Pintler’s Portal Hostel (PPH) Information & Education Series: What is a Hostel?
Updated: 4 days ago
What is a Hostel?
If you are of a certain age, a world traveler, or have lived the phrase “backpacked across Europe,” you are probably quite familiar with what a hostel is. But for those unfamiliar with European-style hostels, what exactly is a hostel?
If you ask Siri, “A hostel is a form of low-cost, short-term shared sociable lodging where guests can rent a bed, usually a bunk bed in a dormitory, with shared used of a lounge and sometimes a kitchen.” And while this may describe a typical hostel you might find in Europe in the past, contemporary hostels have changed dramatically to meet the modern economy and tastes: think boutique-style hotel meets social clubhouse.
Modern hostels are truly destination retreats for adventurous, budget-minded travelers. Now, contemporary hostels feature fine, travel-focused amenities, trendy interior designs, smaller shared or private rooms, gourmet kitchens, wifi and work stations, expansive or luxurious common spaces, and so much more. Some niche hostels focus exclusively on eco-travel, yoga retreats, surfing, solo travelers, and more.
"These funky and creative hostels are often independently run, providing a place to sleep for travelers and backpackers," says Marek Bron at Indie Traveller. "Think of these more as hotels, except they’re much cheaper and offer dormitory beds or basic rooms. They also try to foster a welcoming and communal atmosphere, so these are both budget-friendly and very fun places to stay.”
At PPH, a modern, boutique-style hostel, we focus on our core passions: Adventure, Community, and the Outdoors. We provide our guests a clean, comfortable, and affordable boutique accommodation where they can relax, socialize, and pursue the extraordinary outdoor adventures the Anaconda area offers.
Who stays in Hostels?
So, who exactly stays in hostels? Again, if you are of a certain age, young traveling backpackers flooding sparse, inexpensive "youth hostels" spring to mind. Today, however, contemporary hostels cater to people of all ages and all social demographics — basically everyone! But certain groups and personality types do thrive on hostel life: money-conscious and world travelers; adventurous, social, fun-seeking people; backpackers and hikers; students and digital nomads; solo-travelers; families and small groups, just to name a few.
And why do all these people seek out hostels? "Hostels are just fun,” says Nomadic Matt in his blog post Why I Still Stay in Hostels When I Travel . "I miss them when I’m not staying at them.”
Since our opening in August 2021, PPH has enjoyed guests from Sweden, Germany, Indonesia, China, Argentina, Venezuela and nearly every state in the Union. They have been world travelers, CDT hikers, mountain explorers, area workers and visiting families. Some stay on their way to Glacier or to Yellowstone. Others are attending a yoga conference or an art festival. In winter, we get visitors headed to Discovery or nordic skiers off to Echo Lakes. The list goes on and on.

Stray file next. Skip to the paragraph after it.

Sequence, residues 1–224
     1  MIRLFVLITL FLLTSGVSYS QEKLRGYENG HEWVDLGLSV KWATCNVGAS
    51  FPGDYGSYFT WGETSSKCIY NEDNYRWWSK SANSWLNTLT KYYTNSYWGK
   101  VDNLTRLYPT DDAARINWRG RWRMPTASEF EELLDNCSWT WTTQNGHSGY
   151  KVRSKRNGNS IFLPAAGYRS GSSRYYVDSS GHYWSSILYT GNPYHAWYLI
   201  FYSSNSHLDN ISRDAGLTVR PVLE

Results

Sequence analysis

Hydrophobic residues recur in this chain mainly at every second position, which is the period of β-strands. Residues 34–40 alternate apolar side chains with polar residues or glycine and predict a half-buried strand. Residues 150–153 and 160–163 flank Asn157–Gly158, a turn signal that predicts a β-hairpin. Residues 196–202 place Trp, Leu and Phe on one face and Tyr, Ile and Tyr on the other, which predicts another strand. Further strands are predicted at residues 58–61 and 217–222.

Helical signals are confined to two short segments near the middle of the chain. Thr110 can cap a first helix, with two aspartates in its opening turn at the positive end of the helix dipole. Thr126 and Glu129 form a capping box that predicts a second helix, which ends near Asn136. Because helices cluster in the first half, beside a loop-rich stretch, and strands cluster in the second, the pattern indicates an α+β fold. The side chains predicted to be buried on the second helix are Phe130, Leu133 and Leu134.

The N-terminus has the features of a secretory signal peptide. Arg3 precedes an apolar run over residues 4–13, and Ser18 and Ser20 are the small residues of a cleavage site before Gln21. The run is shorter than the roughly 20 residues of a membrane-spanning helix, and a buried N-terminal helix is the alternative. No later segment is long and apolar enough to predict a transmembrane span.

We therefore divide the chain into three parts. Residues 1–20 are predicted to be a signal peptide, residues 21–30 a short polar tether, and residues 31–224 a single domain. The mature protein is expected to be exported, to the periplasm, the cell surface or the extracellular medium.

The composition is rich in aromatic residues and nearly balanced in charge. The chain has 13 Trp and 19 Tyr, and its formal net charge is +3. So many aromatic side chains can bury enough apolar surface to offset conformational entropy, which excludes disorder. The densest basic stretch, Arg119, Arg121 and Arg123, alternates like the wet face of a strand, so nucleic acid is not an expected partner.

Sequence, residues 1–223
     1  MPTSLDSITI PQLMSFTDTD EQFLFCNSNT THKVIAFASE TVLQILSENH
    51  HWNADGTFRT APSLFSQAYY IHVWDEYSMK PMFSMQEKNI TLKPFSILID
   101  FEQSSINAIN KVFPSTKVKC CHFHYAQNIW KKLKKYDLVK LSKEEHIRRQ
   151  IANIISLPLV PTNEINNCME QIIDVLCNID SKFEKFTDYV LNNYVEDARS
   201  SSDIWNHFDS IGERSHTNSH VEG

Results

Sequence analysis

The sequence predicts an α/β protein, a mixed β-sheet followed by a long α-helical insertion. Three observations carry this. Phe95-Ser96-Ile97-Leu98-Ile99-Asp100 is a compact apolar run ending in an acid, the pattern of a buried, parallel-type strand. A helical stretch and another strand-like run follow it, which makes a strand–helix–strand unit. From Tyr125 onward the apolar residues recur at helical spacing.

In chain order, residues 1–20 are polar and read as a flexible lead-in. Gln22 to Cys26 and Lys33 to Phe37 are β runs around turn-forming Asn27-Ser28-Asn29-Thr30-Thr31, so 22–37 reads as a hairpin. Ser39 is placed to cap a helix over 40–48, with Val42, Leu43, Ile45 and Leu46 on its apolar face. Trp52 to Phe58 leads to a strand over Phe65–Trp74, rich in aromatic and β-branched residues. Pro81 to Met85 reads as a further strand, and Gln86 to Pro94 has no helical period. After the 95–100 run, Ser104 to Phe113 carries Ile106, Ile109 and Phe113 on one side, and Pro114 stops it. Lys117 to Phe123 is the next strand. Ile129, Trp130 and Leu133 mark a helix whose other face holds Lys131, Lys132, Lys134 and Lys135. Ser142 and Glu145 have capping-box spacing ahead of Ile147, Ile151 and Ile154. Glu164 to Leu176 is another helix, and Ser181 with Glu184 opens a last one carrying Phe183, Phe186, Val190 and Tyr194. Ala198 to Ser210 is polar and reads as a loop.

How do Hostels work?
Basically, hostels work similarly to hotels, at least when it comes to reservations and checking in. Like hotels, it’s best to make a reservation ahead of time and reserve a bed, or an entire room, for your stay. During the peak seasons, hostels, like many hotels, will book up quickly. Unlike hotels, many
hostels have a curfew and walking in after hours may not be possible. It’s best to plan ahead!
Curfews at hostels are put in place as a common courtesy to other guests. Speaking of which, to support the hostel's social environment, it’s important to understand a few guidelines.
Proper hostel etiquette #1: Be a good guest! A good hostel will feel like a home away from home.
Treat it as such. So, be respectful of others, keep your things tidy, wash your own dishes in the kitchen, label your food in the fridge, and -- most importantly -- don’t turn on the room lights in the middle of the night! (Most hostel bunks, like PPH, have private reading and night lights instead.)
A reservation at a typical hotel will guarantee you (usually) a private room and bath, a TV, and maybe a few amenities. At a hostel, you are reserving a bed or (sometimes) a private room, with a shared bath, a variety of common spaces, kitchens, etc. Where most people at hotels sequester themselves away in private rooms, hostels foster an atmosphere of community and sharing — and they do so at a fraction of the cost of most hotels!
At PPH, our sleeping quarters have 38 twin or triple bunks spread out over 11 different rooms — never more than 4 people per room. We offer Bunk Rates of $34 to $49 seasonally, or rent the entire room with all the bunks and have a Private Room for $49 to $159, depending on the season. Oversized, private unisex showers and lavatories are adjacent to the dormitory rooms. With Bunk Rate or private Room Rate rentals, use of all
hostel amenities is included: a well-equipped kitchen and dining area; spacious lounge with a fireplace; high speed wifi; large screen TV; free coffee, tea and cocoa; coin-operated laundry; outdoor lounge and grill; personal lockers; and much more.
Hostels are an amazing, budget friendly option for travelers, families, and groups, but also a great place to meet new people, immerse yourself in local knowledge, and foster new friendships. Most importantly, hostels are meant to be fun!
Ready to give hosteling a try? Give us a call (406-563-4555) or, better yet, book your bed or room online today: Book Now & Save! Your Base Camp awaits at Pintler's Portal Hostel!